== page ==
So, inspired by all the NaNoWriMo folks, I decided that this month, I would recommit myself to finishing my never-ending friggin’ novel. Not finishing it this month, mind you — I’m not made of NaNoWriMo stuff. But, since I’ve been working on various iterations of the same novel for, literally, years now, and I still don’t have a full first draft, I decided it was time to change my approach.
Operating on Anne Lamott’s “anyone can write a shitty first draft” principle, I’ve decided to devote an hour a day to writing new pages. Just churning out new stuff, not concerning myself with how bad it is or even whether it will stay in the final version. That’s something I’ve never been any good at — when I’m writing fiction, I edit compulsively as I go along. That works well for stories under 20 pages, but for anything longer, it just leads to me burning out and giving up. So far, my novel-writing process has gone like this: I have a burst of inspiration and energy, write 20 or 30 pages, polish them to near-perfection, and then don’t look at the novel again for 6 months. At which point, I’m not necessarily sure those near-perfect 20 or 30 pages still belong there anyway, so I start over.
And that, my friends, is how one spends years working on a novel without ever finishing a draft.
On the strength of my experience in the book publishing industry and my M.F.A. in fiction, I can say with some certainty that all novels ever published have one important thing in common: they were finished. Mine, years later, is not.
Now, I’ve dieted enough that the phrase “If you always do what you’ve always done, you’ll always get what you always got” still eats away at my brain, even if I’m no longer counting calories. So I finally accepted that my “writing process,” however mystical and woo-woo and sacred it may once have seemed to me, is just not getting the fucking job done. And so I decided to be more methodical in my approach: one hour a day, every day, until I’ve got me a shitty first draft. Period.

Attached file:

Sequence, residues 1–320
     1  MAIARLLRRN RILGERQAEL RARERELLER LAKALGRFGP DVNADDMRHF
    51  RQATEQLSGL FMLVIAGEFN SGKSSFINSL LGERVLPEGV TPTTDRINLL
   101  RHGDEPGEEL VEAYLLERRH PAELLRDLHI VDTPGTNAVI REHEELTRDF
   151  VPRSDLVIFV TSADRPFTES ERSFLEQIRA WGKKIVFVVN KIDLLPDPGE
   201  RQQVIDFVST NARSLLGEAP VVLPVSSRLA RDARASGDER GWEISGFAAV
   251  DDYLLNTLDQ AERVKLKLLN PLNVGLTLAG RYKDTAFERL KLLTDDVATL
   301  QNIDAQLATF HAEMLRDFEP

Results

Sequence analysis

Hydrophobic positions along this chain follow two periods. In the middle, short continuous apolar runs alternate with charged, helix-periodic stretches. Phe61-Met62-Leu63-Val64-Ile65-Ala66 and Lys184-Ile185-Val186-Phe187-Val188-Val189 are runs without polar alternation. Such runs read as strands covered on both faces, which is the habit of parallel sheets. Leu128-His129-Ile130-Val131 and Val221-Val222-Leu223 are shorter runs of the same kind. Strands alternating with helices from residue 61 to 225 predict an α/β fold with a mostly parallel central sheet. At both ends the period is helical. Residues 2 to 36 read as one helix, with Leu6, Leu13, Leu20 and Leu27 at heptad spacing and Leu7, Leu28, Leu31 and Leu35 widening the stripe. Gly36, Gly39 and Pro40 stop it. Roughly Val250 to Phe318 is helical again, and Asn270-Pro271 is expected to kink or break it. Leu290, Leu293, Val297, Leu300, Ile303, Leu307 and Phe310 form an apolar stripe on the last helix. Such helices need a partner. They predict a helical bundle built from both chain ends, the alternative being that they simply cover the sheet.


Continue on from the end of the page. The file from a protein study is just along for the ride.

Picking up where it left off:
So far, it’s going shockingly well, in part because I bought myself a Neo, which allows me to write without the distraction of the internet in the same little box where the writing happens — and which, because it only shows a maximum of 6 lines on the screen at a given time, makes rereading and editing as I go along a huge pain in the ass. So I don’t do it. I just write. If I actually keep at this every day, I will have a shitty first draft in less than a year. And since my greatest strength as a writer is in the revising, once I’ve got that shitty first draft, the real magic can begin. I hope. Keep your fingers crossed for me.
Now, on to the Shapeling Participation element of the Fluff — which actually has potential to be unfluffy, but you can take it as seriously or not seriously as you like. We talk a lot around here about how oversimplifying complicated things — like, say, the laws of thermodynamics — is bad news. We make fun of people who can’t grasp complexity, and they bloody well deserve it. But sometimes, as with my writing process, stripping away the complications makes something better. The $200 Neo is a much better novel-writing tool for me than my $1500 computer, precisely because it doesn’t do nearly as much. Go figure.
So, Shapelings, tell us about a time in your life when making something less complicated led to good things. Go!